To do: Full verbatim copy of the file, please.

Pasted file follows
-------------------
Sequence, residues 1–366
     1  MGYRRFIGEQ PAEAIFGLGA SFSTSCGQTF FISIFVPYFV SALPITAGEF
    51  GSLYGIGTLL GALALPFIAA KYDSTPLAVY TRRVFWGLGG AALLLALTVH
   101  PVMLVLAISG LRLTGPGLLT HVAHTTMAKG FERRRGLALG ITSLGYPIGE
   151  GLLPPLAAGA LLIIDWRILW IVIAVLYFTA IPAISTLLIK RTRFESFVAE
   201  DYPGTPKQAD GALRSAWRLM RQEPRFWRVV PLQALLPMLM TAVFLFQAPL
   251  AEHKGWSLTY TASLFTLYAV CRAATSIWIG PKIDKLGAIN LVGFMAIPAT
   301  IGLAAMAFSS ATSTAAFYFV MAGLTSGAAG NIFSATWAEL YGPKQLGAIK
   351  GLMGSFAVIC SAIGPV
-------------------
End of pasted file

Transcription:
Sequence, residues 1–366
     1  MGYRRFIGEQ PAEAIFGLGA SFSTSCGQTF FISIFVPYFV SALPITAGEF
    51  GSLYGIGTLL GALALPFIAA KYDSTPLAVY TRRVFWGLGG AALLLALTVH
   101  PVMLVLAISG LRLTGPGLLT HVAHTTMAKG FERRRGLALG ITSLGYPIGE
   151  GLLPPLAAGA LLIIDWRILW IVIAVLYFTA IPAISTLLIK RTRFESFVAE
   201  DYPGTPKQAD GALRSAWRLM RQEPRFWRVV PLQALLPMLM TAVFLFQAPL
   251  AEHKGWSLTY TASLFTLYAV CRAATSIWIG PKIDKLGAIN LVGFMAIPAT
   301  IGLAAMAFSS ATSTAAFYFV MAGLTSGAAG NIFSATWAEL YGPKQLGAIK
   351  GLMGSFAVIC SAIGPV